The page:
An interlocutory appeal challenging the conditional certification of a class action requires the court on review to consider only whether the trial court abused the wide discretion afforded it in the application of the Ind.Trial Rule 23 guidelines governing the certification of class actions. Skalbania v. Simmons (1982), Ind.App., 443 N.E.2d 352. In determining whether the trial court abused such discretion, we will not reweigh the evidence and will consider only the evidence most favorable to the trial court's determination and all reasonable inferences to be drawn therefrom. Id. If the trial court's exercise of discretion is supported by substantial evidence, it will withstand appellate review. CSX, 593 N.E.2d at 1278. Where, as in the present case, the trial court enters findings of fact in support of its class certification, our review is governed by the Ind.Trial Rule 52 clearly erroneous standard. See American Cyanamid Company v. Stephen (1993), Ind.App., 623 N.E.2d 1065.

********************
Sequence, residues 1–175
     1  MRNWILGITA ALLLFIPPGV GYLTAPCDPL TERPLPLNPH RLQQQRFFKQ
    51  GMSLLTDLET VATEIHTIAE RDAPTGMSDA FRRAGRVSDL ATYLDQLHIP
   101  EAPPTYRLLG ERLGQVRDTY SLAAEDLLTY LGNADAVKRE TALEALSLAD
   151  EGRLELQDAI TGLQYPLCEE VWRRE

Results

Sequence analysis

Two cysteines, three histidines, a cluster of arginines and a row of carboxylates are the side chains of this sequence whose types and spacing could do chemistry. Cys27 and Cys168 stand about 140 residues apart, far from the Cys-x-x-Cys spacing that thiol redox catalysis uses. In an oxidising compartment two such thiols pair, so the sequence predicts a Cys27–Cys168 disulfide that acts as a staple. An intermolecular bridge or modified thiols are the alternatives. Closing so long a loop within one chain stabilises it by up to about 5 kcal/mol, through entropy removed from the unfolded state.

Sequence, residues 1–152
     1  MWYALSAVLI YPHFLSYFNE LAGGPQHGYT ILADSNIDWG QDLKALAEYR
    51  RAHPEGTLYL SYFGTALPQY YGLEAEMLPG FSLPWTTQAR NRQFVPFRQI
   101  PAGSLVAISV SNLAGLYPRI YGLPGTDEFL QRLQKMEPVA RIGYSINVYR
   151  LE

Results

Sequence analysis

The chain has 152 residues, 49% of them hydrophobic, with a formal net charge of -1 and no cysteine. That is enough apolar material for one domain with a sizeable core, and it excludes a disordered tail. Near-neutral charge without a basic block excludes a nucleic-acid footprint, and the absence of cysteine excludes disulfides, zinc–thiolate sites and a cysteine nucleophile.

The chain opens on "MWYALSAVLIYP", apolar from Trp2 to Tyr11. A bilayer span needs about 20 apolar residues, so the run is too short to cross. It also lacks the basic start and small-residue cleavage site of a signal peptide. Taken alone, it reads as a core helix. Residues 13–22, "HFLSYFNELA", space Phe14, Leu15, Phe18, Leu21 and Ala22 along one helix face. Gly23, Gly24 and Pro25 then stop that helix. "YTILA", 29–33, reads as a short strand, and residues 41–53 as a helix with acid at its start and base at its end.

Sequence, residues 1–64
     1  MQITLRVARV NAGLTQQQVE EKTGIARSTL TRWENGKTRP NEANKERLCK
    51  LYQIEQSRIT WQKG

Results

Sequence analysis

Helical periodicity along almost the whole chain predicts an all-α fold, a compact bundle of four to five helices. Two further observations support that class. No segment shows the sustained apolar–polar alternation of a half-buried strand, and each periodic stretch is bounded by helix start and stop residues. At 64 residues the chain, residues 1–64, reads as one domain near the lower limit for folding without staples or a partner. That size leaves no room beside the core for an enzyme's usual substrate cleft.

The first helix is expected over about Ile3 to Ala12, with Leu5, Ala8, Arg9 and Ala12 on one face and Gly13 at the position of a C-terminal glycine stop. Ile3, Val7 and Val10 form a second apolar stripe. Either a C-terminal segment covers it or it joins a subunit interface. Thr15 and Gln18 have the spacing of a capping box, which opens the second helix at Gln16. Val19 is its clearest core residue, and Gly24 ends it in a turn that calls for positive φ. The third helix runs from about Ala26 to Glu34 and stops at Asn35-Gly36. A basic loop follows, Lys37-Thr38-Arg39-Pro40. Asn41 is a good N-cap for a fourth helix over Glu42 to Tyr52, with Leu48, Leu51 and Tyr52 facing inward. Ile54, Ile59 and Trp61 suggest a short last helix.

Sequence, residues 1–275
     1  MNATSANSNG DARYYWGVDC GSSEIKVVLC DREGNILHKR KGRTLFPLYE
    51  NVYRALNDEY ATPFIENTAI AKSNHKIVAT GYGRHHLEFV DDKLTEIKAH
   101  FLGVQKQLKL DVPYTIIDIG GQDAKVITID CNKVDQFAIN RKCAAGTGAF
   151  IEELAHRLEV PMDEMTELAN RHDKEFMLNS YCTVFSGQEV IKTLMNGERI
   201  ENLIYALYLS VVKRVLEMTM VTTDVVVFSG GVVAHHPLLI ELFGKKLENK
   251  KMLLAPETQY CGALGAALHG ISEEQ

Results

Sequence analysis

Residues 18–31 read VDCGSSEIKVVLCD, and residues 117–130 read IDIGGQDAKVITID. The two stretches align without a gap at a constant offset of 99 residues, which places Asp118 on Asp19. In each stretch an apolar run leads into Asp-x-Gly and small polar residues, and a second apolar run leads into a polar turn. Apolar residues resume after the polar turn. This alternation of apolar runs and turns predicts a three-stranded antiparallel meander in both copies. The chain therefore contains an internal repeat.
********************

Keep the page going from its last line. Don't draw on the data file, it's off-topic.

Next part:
Ind.Trial Rule 23, governing class actions, reads:

(A) Prerequisites to a Class Action. One or more members of a class may sue or be sued as representative parties on behalf of all only if:

(1) the class is so numerous that joinder of all members is impracticable;

(2) there are questions of law or fact common to the class;

(3) the claims or defenses of the representative parties are typical of the claims or defenses of the class; and

(4) the representative parties will fairly and adequately protect the interests of the class.

(B) Class Actions Maintainable. An action may be maintained as a class action if the prerequisites of subdivision (A) are satisfied, and in addition:

(1) the prosecution of separate actions by or against individual members of the class would create a risk of:

(a) inconsistent or varying adjudications with respect to individual members of the class which would establish incompatible standards of conduct for the party opposing the class, or